Branding is also important for larger companies managing a sizeable portfolio of products. Brands provide a unifying identity across multiple products, while providing a singular, differentiated point of view to drive market awareness.
When Should I Do Both?
Brand becomes less important in B2B technology markets with products that have unique IP, or that are continually being disrupted by the next platform or wave of innovation.
However, for some B2B companies and markets, the combination of a strong product positioning AND a memorable brand experience makes sense and can become a formidable competitive weapon.
This is particularly the case in markets that have “crossed the chasm and gone Main Street,” or for companies that need a unifying brand to pull together a disparate collection of different products. PeopleSoft effectively combined its “California Culture” brand with strong product positioning to carve out a distinct position in the ERP days. More recently, IBM’s SmartPlanet brand helps IBM rise above the noise and stand for something while providing a unifying value for its thousands of different product lines.
In summary: while branding’s not for everyone, and works best in specific situations, EVERY B2B tech company needs good positioning as the starting point. Where does your company stand in terms of capturing the heart and mind of your buyer?
Sales thinks your marketing presentations are nice, but they don’t use them.
We recently conducted a survey of 50 technology industry sales leaders to find out if they use the presentation materials they get from marketing, and what their marketing partners could do to improve the quality and effectiveness of what they produced.
To read more, check out Firebrick’s most recent white paper.
After working with almost 300 clients over the past several years, the difference between the winners and losers among technology companies has become clear. The winners almost always share these four qualities:
- They have a specialized focus (like social media management, big data analytics or IT operations).
- They have unique IP or an original approach like distributed architecture.
- They’re leveraging an inflection point in the market (like mobile marketing or IT-as-a-Service).
- And, they have a strong, engaging point of view that captures the imagination of the market.
An engaging point of view stems from a company’s positioning strategy. Look at what successful companies like Box, Jive, RightNow, Salesforce.com, SuccessFactors, Workday and Yammer all have in common. In addition to impressive multiples, they all have powerful, differentiated positioning stories.
Companies need to abandon the traditional product-centric approach to positioning that plagues most stories with me-too feature lists and vendor geek speak. In its place, they should lead with more buyer-centric positioning that answers these three questions:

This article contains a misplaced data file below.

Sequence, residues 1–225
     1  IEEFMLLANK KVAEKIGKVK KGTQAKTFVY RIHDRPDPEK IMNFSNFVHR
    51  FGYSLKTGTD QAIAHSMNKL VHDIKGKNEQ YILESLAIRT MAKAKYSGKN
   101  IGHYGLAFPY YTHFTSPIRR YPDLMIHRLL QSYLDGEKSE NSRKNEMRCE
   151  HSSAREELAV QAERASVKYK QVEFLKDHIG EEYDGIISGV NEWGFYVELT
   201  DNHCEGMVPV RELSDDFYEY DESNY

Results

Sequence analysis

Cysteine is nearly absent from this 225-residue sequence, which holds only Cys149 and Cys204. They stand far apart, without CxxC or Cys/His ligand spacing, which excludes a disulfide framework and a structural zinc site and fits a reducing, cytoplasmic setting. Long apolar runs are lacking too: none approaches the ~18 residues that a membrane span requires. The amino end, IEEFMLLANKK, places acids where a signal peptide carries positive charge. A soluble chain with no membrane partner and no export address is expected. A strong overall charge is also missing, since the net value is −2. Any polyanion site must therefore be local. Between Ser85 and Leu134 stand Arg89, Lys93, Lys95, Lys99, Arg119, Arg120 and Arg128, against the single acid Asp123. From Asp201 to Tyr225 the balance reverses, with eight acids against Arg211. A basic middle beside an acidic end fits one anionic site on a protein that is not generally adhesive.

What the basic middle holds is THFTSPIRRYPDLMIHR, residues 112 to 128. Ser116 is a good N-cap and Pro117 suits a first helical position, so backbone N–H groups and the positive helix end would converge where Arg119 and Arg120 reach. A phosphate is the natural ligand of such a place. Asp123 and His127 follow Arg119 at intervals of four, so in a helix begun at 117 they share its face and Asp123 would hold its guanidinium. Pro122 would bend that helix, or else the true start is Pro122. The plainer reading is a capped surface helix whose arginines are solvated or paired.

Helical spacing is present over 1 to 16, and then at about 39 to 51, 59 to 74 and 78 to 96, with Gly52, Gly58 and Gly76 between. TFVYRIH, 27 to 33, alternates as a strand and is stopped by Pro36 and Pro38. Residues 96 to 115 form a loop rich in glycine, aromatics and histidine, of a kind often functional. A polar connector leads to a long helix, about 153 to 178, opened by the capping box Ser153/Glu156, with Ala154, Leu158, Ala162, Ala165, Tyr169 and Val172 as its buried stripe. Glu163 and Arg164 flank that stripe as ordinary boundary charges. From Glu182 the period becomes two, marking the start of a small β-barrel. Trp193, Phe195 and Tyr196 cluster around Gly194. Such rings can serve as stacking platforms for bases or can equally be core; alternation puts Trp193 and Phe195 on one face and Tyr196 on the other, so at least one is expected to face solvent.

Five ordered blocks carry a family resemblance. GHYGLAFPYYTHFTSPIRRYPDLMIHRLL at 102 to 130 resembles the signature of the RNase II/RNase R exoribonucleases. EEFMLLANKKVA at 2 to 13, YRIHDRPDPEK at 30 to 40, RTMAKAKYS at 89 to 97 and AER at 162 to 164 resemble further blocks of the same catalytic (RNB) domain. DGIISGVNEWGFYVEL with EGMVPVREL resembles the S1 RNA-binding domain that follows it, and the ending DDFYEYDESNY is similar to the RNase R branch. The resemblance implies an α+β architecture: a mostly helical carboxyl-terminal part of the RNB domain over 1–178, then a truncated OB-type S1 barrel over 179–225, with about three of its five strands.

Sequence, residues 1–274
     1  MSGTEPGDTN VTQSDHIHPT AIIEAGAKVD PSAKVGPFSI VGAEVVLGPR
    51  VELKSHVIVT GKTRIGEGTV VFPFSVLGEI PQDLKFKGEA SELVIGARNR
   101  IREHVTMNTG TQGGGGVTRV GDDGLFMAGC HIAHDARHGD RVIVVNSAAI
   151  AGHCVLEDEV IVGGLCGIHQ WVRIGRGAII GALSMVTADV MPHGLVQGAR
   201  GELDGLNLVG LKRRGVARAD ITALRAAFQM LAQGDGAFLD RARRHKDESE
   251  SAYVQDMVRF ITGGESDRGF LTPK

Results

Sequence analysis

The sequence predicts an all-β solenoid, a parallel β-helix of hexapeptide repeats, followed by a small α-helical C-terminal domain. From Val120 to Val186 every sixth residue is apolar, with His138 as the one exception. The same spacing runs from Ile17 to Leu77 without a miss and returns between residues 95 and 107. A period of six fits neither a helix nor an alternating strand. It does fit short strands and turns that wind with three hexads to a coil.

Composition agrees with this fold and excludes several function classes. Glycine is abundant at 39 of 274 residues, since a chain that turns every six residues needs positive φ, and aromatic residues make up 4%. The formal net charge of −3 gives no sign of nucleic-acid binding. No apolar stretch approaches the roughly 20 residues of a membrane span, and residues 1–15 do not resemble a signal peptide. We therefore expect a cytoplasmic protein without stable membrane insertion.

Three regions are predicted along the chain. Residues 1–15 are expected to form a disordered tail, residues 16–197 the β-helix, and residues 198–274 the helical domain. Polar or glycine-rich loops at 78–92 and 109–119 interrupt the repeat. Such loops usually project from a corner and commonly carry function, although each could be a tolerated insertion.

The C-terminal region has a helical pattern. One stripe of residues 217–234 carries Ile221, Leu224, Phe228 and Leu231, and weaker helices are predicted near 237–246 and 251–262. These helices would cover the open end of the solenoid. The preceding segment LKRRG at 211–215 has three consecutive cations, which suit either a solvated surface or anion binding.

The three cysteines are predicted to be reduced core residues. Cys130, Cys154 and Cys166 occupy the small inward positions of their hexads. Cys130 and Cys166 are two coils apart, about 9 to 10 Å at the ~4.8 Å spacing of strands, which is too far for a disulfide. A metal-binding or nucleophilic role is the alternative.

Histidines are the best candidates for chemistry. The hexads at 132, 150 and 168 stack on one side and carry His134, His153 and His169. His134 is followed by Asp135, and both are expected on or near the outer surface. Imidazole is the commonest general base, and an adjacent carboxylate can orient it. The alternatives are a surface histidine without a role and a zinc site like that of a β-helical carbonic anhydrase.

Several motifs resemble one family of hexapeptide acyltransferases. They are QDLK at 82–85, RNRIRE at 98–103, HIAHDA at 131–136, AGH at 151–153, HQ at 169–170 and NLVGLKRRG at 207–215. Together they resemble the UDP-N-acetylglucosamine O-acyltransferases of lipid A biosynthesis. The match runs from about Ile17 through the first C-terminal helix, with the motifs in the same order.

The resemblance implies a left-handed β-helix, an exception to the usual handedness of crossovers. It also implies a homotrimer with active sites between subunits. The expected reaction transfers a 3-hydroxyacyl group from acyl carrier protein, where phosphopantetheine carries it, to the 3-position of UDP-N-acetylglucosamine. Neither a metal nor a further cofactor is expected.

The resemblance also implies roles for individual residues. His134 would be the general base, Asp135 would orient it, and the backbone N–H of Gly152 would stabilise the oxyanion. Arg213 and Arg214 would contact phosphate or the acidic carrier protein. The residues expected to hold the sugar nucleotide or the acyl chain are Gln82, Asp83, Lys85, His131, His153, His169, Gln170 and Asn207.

- Why your company, now?
- How are you different?
- How will my life be better?
Answering these questions is harder for most than they think it will be. Try it out on your company to see if you have a powerful, differentiated story.
Firebrick Consulting: Tech Positioning for a New Era from Firebrick Consulting on Vimeo.
What do successful companies of every size -- from Apple and Cisco to Riverbed and Workday -- all have in common?
They have a compelling, differentiated story. In our work with over 200 companies, we find that very few companies are able to translate their product, service, or IP into a message that resonates with buyers, clearly differentiates from the competition and captures the imagination of the market. Check out Firebrick's new video and find out, in less than 3 minutes, how to create a breakthrough positioning story.
As TechCrunch DISRPUPT kicks off this week in San Francisco, I’m struck by how disruption in the tech industry still seems to be about new products and features. Every tech company aspires to be the next big thing, but the truth is that most will fail. They come out with a blast at launch, but their messages quickly fade into the noise of the market and the sameness of every other story echoed by every other tech company. Nowhere is this clearer than in the B2B realm, where positioning mediocrity has become the norm.
The same old set of tired buzzwords are being thrown about at this year’s TechCrunch. Every tech company is talking about “crowd-sourcing, location platforms, social analytics, flexible API’s, cloud, real-time collaboration, etc.” with a sense of elevated importance and meaning. Meanwhile, in the audience, a glazed look sets in. Nobody is drinking the Kool-Aid.
And yet, a new set of category leaders is usurping the traditional B2B tech leaders and changing the rules of the game. Companies such as Workday, Box, SuccessFactors, ZenDesk, Splunk, Zuora, Joyent and PLEX are changing the landscape forever. But what do all of these companies have in common? Not only have they all placed a big bet on recurring revenue streams – but their success goes beyond products, blended sales models and new consumption choices.
Disruptive Positioning = Disruptive Success.
Every one of these companies has a compelling, differentiated positioning strategy. Storylines that bring their products alive in the minds of target customers. Messaging that captures the imagination of the market and moves beyond geek-speak and tired buzzwords. WOW positioning clearly articulates the value of the technology to solve a big hairy buyer – and resonates with deep memorable impact.
So, what is the secret recipe to DISRUPTIVE POSITIONING? What makes the difference? The answer is simple:
Every truly disruptive tech company successfully answers these THREE QUESTIONS for their buyers: